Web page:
[time-nuts] OT: Need HP 7475A Drivers for XP or Linux

Joseph Gray jgray at zianet.com
Sun Oct 21 06:41:22 EDT 2007

Until he fixes that URL, just paste the filename into the page URL after 
"Misc/". It worked for me.

----- Original Message ----- 
From: "Eric Fort" <eric.fort at gmail.com>
To: "Discussion of precise time and frequency measurement" 
<time-nuts at febo.com>
Sent: Sunday, October 21, 2007 3:41 AM
Subject: Re: [time-nuts] OT: Need HP 7475A Drivers for XP or Linux

>I really appreciate the Detailed reply, Thanks.  Your web page has an error
> though that prevents downloading the roland drivers.  the link to them is
> file:///C:/Documents%20and%20Settings/neonjohn/My%20Documents/My%20Webs/Neon_John/Neon/Misc/Roland_RWD-
> 028.zip
> since I'm not on your local machine I have no access to files on your C:
> drive, atleast referenced this way.  Could the link be updated or could 
> you
> just email the drivers.
> Thanks,
> I'll let you know how it goes.
> Eric
> On 10/20/07, Neon John <jgd at johngsbbq.com> wrote:
>> On Sat, 20 Oct 2007 18:57:27 -0700, "Eric Fort" <eric.fort at gmail.com>
>> wrote:
>> >There seems to be a wealth of knowlege here about keeping older HP
>> hardware
>> >running.  Would anyone in this group have experience using a 7475A
>> plotter
>> >under XP or Linux to plot test data or drawings.  I'd like to get mine
>> >running again.
>> No problem.  I use an E-size HP engineering plotter to make neon patterns
>> and to plot
>> schematics.  I have it working quite well under XP.
>> These old plotters are HPGL or HPGL-1 - same thing.  They are NOT
>> compatible with
>> HPGL-2.  An additional complication that arises with some software
>> packages is that
>> there are two common implementations of HPGL.  The HP standard one has 
>> the
>> origin at
>> the corner of the paper and all movement instructions are positive
>> intergers.  The
>> other one has the origin in the center of the page and movement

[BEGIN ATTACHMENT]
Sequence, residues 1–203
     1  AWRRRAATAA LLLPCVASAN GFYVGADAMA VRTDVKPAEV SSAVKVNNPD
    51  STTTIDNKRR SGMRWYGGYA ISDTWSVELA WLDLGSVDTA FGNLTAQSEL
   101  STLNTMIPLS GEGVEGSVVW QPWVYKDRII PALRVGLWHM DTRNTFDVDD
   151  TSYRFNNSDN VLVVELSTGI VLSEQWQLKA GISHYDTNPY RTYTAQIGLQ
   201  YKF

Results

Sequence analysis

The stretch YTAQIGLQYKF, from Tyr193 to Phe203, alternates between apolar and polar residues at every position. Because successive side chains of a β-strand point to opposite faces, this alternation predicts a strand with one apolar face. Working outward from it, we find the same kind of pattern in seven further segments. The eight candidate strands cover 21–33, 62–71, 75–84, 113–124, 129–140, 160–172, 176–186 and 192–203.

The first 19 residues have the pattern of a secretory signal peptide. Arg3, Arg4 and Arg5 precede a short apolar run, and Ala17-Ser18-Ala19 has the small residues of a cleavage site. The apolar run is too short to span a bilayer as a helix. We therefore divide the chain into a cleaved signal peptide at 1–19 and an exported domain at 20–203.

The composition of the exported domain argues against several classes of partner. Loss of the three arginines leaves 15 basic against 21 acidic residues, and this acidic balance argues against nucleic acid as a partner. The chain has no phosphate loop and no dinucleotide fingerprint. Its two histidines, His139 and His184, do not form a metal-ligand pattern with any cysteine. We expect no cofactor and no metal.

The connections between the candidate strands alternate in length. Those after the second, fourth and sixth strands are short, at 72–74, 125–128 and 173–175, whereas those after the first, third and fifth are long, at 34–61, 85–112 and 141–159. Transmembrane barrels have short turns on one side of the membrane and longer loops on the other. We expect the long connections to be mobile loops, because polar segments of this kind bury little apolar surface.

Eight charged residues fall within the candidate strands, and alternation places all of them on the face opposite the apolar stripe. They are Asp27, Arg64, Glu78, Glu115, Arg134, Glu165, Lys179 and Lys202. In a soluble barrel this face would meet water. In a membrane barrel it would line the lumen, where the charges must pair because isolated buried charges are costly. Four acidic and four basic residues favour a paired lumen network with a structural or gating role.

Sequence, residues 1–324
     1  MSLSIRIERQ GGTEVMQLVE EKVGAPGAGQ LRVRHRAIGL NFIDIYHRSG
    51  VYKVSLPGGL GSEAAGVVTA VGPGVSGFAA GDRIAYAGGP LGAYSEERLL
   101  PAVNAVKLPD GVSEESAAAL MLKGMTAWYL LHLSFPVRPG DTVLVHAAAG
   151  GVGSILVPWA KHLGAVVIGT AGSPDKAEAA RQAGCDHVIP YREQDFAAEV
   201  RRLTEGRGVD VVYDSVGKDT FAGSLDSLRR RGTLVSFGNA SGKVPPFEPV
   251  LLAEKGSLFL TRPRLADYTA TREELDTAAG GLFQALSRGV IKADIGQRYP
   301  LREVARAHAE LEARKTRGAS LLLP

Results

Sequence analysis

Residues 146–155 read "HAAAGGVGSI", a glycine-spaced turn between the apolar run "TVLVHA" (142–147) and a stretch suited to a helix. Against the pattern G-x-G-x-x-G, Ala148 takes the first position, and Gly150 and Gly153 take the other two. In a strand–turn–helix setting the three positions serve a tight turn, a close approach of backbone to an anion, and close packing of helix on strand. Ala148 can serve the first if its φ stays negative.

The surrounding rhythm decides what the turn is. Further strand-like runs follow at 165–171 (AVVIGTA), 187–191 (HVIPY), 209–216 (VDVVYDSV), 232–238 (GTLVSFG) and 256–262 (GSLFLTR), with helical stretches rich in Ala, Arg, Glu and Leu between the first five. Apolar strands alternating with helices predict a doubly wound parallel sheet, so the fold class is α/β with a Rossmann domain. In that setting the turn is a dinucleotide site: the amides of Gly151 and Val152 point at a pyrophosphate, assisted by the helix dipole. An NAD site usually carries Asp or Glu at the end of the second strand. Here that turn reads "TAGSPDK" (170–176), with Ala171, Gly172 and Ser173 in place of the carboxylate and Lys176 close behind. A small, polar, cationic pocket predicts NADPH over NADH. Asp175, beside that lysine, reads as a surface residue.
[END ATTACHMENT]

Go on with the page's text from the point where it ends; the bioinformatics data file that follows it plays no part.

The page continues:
>> instructions involve
>> positive and negative intergers.  They are not compatible.  If you get a
>> plot but
>> it's only about a quarter of the drawing then the driver is outputting a
>> center-zero
>> file to a corner-zero plotter.
>> Microsoft dropped HPGL support, what little there was, from XP.  No
>> problem.  Sign
>> vinyl cutters almost all use HPGL and are still in
>> production.  Unfortunately many
>> use center-page-origin HPGL.  Fortunately Roland does not.  Therefore
>> Roland drivers
>> will work with HP plotters.
>> Unfortunately, Roland apparently has taken down their windows plotter
>> drivers.
>> Fortunately I haven't :-)  You can get the drivers from my site here:
>> http://www.neon-john.com/Neon/Misc/misc_home.htm
>> Bottom of the page.  ( a google click or two would be appreciated :-)
>> You'll have to
>> experiment a bit to find out which Roland plotter most closely
>> approximates your
>> plotter.
>> This is a universal solution that will let just about any program send
>> vector images
>> to the plotter via windows printing.  Just for kicks sometime, print a
>> text file from
>> WordPad and watch what happens.  The plotter carefully draws each and
>> every letter.
>> If, for some reason, this doesn't work, there is another method that I 
>> use
>> with
>> CorelDraw and any other package that can export the drawing in HPGL
>> format.
>> Simply choose "export", select "HPGL" and select a place to store the
>> file.  Then use
>> Hyperterm or any other terminal package capable of sending out an ASCII
>> file and copy
>> the HPGL file to the COM port that the plotter is connected to.  This 
>> will
>> be generic
>> HPGL and won't have any plotter setup info in it.  OTOH, usually none is
>> needed.
>> My HP plotter and/or Hyperterm (can't remember which is the culprit) does
>> NOT use
>> Xon/Xoff handshaking.  Therefore hardware handshaking MUST be enabled and
>> wired in